would require the full Linear Algebra course as a prerequisite, and then some work on top of it. My
outline will be such that it is workable now, but becomes more coherent when you revisit it with
full Linear Algebra wisdom; it is written in sufficient generality that you will not attempt your own
generalization from simpler special cases (which would certainly lead to wrong guesses). But you may
not have the calculational tools to exploit the full generality right now, and then such calculations
will not be required from you in this class.


a b
First lets study a 22 symmetric matrix
and see exactly when it is positive definite.
b c
We take the quadratic form au2 + 2buv + cv 2 . We know that a (and also c) must be positive,
if the matrix is to be positive definite. Assuming a positive, we use completion of squares to
control the mixed term:

bv 2 ac b2 2
bv 2 b2 2
v + cv = a u +
au + 2buv + cv = a u +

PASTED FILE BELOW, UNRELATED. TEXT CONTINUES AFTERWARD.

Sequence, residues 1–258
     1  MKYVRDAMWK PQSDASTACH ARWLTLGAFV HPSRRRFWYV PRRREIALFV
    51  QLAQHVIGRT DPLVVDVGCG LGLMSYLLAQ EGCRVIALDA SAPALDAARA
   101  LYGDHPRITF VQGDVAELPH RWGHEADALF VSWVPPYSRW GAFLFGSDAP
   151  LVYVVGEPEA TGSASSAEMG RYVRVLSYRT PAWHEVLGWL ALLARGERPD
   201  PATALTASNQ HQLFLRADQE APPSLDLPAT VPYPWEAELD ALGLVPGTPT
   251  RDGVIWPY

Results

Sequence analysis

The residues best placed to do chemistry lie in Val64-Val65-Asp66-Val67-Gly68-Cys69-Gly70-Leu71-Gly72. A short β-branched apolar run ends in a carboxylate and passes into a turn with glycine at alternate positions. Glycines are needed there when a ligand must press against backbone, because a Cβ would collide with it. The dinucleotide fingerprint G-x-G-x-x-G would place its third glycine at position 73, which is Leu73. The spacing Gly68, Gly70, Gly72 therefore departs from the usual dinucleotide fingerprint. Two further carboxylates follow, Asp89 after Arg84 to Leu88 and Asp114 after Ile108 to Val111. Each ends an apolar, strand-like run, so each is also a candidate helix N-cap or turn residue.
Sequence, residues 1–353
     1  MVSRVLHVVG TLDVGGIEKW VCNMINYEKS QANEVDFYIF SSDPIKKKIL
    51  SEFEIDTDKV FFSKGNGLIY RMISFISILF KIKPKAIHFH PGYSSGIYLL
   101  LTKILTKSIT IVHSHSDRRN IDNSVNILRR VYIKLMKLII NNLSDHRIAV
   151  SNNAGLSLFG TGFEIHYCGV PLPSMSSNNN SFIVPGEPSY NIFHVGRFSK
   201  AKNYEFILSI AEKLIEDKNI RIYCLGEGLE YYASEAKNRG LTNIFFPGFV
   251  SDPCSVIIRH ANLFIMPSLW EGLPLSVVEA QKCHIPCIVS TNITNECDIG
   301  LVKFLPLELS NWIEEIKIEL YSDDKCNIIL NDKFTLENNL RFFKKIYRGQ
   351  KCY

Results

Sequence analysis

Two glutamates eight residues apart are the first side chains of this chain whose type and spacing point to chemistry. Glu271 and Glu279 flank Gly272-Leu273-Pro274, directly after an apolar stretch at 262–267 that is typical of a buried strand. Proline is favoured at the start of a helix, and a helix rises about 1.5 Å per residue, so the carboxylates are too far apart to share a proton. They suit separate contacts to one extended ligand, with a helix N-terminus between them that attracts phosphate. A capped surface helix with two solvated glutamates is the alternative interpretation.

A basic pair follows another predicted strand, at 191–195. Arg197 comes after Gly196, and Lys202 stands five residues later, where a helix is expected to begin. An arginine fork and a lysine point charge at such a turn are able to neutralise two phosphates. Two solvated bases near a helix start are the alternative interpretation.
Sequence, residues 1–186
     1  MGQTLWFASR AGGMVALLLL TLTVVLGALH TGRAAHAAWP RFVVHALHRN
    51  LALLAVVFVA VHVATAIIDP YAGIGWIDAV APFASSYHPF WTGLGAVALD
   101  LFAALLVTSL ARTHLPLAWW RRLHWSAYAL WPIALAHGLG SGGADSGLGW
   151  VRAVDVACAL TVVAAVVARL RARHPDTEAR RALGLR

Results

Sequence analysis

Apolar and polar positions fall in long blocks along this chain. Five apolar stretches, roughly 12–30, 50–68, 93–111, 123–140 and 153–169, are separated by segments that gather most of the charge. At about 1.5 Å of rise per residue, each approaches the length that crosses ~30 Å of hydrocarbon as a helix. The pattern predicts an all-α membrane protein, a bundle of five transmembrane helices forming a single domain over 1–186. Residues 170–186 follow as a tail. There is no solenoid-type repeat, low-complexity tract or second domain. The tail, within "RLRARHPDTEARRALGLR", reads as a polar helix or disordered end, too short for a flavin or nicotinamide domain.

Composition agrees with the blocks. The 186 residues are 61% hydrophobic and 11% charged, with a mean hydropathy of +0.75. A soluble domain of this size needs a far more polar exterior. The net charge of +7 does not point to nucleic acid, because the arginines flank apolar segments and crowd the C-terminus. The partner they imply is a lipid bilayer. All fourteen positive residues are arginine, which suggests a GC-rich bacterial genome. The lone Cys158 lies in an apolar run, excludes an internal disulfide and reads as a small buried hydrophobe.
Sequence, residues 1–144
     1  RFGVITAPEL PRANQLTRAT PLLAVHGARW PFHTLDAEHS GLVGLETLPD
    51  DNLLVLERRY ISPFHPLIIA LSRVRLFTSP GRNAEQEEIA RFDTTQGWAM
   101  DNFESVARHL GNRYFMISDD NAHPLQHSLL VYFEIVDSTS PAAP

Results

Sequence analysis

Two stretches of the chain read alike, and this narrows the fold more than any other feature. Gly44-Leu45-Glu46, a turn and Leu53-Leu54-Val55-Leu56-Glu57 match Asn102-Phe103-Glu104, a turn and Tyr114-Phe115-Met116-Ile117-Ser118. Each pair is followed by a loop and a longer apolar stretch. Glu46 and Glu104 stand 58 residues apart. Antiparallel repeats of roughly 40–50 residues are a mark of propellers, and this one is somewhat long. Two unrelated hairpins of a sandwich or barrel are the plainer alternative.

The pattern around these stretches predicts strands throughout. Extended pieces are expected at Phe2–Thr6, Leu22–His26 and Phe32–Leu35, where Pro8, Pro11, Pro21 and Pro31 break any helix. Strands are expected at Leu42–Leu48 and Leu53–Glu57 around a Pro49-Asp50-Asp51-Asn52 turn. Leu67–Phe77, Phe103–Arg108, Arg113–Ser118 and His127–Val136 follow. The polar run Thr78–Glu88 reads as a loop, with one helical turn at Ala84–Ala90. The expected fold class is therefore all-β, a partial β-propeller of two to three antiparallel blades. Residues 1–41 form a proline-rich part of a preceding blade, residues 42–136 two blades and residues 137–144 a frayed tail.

So if a and ac b2 are both positive, then the quadratic form is positive definite: namely,
its clearly 0; but for it to vanish we need both v = 0 and u + bv/a = 0, i.e., we need
u = v = 0. Conversely, if ac b2 is not positive, then the quadratic form is not positive for
[u v] = [b/a 1].

a b
is positive definite if and only if a > 0 and ac b2 > 0.
b c
Equivalently we could show: this matrix is positive definite if and only if c > 0 and acb2 > 0.

a b
The quantity acb is called the determinant of the 22 matrix
. In linear algebra, a
b c
certain number is assigned to every square matrix, and this number is called the determinant